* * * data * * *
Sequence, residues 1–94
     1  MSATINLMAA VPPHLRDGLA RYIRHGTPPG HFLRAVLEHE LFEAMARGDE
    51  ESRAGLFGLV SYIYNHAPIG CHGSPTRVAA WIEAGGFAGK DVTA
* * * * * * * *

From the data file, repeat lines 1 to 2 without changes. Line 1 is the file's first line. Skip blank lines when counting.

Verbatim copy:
Sequence, residues 1–94
     1  MSATINLMAA VPPHLRDGLA RYIRHGTPPG HFLRAVLEHE LFEAMARGDE